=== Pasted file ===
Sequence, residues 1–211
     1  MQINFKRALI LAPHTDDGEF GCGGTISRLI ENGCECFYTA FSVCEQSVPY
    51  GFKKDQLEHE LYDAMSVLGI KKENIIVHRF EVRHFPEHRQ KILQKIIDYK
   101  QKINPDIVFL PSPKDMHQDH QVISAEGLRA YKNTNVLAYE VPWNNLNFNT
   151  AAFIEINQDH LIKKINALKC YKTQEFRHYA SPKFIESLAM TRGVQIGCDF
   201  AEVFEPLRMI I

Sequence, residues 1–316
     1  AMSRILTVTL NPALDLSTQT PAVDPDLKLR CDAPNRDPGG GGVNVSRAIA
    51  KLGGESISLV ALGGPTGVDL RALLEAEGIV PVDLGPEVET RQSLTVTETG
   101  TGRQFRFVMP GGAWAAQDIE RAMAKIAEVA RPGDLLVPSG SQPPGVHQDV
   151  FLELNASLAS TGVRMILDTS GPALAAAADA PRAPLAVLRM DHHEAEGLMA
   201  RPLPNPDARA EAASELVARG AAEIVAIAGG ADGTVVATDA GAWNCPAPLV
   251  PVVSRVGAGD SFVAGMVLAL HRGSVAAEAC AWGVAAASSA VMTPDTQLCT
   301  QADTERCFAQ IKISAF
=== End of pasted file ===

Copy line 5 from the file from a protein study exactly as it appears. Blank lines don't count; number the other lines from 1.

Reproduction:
   151  AAFIEINQDH LIKKINALKC YKTQEFRHYA SPKFIESLAM TRGVQIGCDF